The body uses energy from food and drinks to sustain bodily functions and perform physical activities. Calories are a measure of how much energy the body receives from particular foods or drinks.
When a person consumes more calories than they burn, the body stores this excess energy as body fat. When the body needs more energy than it can get from the calories it consumes, it burns the stored body fat for energy. Regular physical activity is a good way of maintaining a healthy amount of body fat.
While other forms of physical activity can be time-consuming or expensive, walking is convenient and free for people who can do so. This article discusses how to calculate the number of calories the body burns while walking, and some of the other benefits that walking has to offer.
Calories burned while walking
Walking burns calories at different rates depending on a person’s body size and walking speed.
The number of calories that the body burns during any activity will depend on a person’s basal metabolic rate (BMR) and the intensity of the activity, measured in metabolic equivalents (METs).
The formula for this is:
Calories burned = BMR x METs ÷ 24 x duration of activity in hours
It is possible to use this formula to calculate how many calories the body burns by walking.
To do this, it is first necessary to understand about BMR and METs.
Basal metabolism refers to a series of life-supporting processes that the body constantly carries out, such as breathing. The body burns calories to support these processes. The rate at which the body does this is the BMR.
The BMR varies between people. It is difficult to calculate precisely as it depends on several factors, including genetic factors that are difficult to measure. But it is possible to estimate BMR using sex, body size, and age.
The formulae to estimate BMR for males and females are:
BMR = 66 + (6.23 x weight in pounds (lbs)) + (12.7 x height in inches) – (6.8 x age in years)
BMR = 655 + (4.35 x weight in lbs) + (4.7 x height in inches) – (4.7 x age in years)
METs are a measure of how much energy the body is using for a given activity.
When a person walks, the speed at which they are walking speed will determine the number of METs.
For example, walking at a slow pace of 1.7 miles per hour (mph) equates to 2.3 METs per hour. Walking briskly at a speed of 3 mph equals 3.3 METs per hour.
Making the calculation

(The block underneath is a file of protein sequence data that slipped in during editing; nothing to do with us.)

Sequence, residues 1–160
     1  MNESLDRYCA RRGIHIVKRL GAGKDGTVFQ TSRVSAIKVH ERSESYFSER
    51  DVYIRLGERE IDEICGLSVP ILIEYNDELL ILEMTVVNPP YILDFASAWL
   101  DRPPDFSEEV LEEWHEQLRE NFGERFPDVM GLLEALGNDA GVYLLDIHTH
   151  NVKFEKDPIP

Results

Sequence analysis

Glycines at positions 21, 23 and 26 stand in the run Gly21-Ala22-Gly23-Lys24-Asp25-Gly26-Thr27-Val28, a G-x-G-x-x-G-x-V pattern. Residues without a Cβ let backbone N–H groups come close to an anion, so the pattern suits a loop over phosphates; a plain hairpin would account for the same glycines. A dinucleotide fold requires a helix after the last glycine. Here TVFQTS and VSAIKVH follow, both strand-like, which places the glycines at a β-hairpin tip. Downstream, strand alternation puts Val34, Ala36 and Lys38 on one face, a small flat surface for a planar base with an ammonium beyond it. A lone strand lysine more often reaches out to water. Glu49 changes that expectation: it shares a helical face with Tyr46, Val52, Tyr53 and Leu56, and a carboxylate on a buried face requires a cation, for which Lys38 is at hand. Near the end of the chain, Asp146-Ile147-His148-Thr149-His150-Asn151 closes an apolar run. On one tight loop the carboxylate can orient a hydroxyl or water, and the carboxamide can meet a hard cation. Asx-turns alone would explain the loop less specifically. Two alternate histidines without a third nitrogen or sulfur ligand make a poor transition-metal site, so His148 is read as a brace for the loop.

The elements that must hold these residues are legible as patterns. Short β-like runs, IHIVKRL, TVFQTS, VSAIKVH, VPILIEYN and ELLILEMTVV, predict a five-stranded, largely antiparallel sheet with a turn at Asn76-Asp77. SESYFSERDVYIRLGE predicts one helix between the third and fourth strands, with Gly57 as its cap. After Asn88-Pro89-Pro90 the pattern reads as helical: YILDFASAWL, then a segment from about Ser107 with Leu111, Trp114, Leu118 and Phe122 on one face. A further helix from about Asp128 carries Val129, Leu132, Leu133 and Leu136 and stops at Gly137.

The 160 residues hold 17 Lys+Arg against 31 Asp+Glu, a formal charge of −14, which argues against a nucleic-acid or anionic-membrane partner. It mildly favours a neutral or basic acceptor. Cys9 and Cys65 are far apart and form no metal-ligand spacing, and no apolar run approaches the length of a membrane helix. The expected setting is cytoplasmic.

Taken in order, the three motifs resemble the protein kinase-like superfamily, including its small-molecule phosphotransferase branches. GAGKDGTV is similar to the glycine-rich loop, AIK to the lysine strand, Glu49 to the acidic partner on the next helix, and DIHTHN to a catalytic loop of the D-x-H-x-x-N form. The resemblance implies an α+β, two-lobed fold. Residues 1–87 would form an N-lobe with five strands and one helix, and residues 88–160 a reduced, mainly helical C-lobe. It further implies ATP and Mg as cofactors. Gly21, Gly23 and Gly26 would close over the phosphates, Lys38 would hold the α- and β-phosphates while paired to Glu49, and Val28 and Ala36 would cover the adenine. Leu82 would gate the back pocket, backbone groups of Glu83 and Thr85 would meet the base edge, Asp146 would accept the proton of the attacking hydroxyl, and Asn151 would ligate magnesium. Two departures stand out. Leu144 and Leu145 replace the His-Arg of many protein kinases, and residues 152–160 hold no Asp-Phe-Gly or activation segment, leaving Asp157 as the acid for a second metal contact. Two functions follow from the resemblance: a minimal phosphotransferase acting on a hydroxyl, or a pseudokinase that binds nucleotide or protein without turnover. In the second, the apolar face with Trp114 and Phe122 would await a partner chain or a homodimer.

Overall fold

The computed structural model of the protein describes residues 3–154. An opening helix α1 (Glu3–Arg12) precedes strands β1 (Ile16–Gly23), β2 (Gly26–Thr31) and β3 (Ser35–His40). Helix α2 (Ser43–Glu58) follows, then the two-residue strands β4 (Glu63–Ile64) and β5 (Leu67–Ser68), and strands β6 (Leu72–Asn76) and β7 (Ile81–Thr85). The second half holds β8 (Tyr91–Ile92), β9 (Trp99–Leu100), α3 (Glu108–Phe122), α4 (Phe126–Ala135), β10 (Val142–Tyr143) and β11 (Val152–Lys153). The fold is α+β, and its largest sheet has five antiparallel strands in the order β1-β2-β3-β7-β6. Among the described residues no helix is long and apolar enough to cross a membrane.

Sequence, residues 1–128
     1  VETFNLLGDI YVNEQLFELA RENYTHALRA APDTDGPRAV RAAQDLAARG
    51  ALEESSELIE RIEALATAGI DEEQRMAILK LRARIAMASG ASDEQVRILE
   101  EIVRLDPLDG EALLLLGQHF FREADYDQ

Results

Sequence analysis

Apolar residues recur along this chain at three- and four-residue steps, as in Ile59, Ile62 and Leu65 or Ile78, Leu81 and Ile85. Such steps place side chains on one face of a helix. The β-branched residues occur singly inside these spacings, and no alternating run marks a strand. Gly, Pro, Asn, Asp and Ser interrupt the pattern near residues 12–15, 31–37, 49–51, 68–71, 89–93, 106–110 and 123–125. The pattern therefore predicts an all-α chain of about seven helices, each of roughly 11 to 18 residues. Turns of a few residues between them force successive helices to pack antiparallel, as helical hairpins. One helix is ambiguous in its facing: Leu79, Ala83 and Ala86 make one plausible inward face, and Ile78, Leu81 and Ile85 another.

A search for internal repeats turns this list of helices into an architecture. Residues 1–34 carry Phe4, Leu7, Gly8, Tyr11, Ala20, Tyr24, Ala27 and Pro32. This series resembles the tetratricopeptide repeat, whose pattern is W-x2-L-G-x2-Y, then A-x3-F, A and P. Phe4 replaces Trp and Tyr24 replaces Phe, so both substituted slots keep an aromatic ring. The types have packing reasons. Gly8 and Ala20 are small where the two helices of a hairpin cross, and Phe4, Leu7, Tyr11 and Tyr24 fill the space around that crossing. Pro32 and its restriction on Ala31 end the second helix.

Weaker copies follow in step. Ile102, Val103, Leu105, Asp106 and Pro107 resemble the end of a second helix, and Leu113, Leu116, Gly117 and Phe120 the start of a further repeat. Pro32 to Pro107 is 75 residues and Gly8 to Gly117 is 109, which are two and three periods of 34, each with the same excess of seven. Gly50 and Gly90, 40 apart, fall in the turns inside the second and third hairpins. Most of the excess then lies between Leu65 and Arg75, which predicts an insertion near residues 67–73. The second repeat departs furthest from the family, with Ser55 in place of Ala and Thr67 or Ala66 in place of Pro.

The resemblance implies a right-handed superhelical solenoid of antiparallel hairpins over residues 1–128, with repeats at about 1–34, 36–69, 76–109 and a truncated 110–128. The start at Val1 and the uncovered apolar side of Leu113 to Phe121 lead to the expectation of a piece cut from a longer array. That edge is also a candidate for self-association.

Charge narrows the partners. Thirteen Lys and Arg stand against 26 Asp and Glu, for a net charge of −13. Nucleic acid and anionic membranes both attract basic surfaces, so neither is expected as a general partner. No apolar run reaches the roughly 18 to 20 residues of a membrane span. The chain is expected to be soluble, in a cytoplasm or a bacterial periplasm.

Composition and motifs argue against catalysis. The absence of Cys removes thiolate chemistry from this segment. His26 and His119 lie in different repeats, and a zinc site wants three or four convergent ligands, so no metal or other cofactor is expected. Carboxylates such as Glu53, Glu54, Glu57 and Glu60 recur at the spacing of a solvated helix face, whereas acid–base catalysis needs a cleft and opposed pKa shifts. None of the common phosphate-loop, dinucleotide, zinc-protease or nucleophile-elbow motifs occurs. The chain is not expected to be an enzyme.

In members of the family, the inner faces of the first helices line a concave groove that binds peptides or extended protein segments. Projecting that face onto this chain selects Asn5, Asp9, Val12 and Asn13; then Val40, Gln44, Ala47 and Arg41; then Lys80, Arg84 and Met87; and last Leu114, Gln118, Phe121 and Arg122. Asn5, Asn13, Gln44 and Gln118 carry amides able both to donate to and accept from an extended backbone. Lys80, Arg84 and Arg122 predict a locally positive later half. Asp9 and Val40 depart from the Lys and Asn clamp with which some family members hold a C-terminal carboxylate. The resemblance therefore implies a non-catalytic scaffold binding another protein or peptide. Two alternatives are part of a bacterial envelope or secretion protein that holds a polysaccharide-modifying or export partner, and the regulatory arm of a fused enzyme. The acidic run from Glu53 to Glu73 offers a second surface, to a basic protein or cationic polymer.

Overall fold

Pulling all this information together, it is now possible to calculate how many calories the body burns while walking.
For example, a 40-year-old male who weighs 195 lbs and is 69″ (5’9″) in height will have a BMR of 1,885.2. If they walk at a brisk pace for 1 hour, they will burn 259.2 calories. This is because:
BMR (1,885.2) x METs (3.3) ÷ 24 x duration of activity in hours (1) = 259.2 calories
Comparison with other types of exercise
Using this formula, it is possible to calculate how many calories the body burns during any activity.
The METs for some other types of exercise are as follows:
|Type of exercise||METs|
|Weight training, 8 to 15 repetitions of various exercises||3.5|
|Cycling, casual pace of up to 10 miles per hour||4|
For example, a 50-year old female who weighs 160 pounds and is 64″ (5’4″) tall will have a BMR of 1,416.8. If this person jogs for 1 hour, they will burn 413.2 calories.
BMR (1,416.8) x METs (7) ÷ 24 x duration of activity in hours (1) = 413.2 calories
Regularly walking at a brisk pace can lower blood pressure and reduce high cholesterol.
The United States government recommend that healthy adults engage in at least 150 minutes, or 2.5 hours, of moderate-intensity activity every week. Moderate-intensity activity can include any activity of 3 to 6 METs.
Brisk walking is an excellent way of sticking to these guidelines. Unlike some other types of activity, walking is generally free and accessible to people who are able to do so. It is a relatively low-intensity form of exercise, so it is suitable for people who are unable to engage in more vigorous forms of exercise.
Walking is also easy to fit into a typical day for most people. For example, walking to work or taking a walk during a lunch break for 30 minutes every day will lead to at least 150 minutes of moderate-intensity activity every week.
Regularly walking at a brisk pace can have many health benefits, including:
In addition to physical health benefits, increasing physical activity through walking may also benefit mental health. Research has found that physical activity could be beneficial for a range of mental health conditions, including anxiety and depression.
Walking is a beneficial way to burn calories — the amount each person burns depends on their age, sex, and how rapidly they walk. Moderate-intensity exercise, such as walking, can provide a range of health benefits.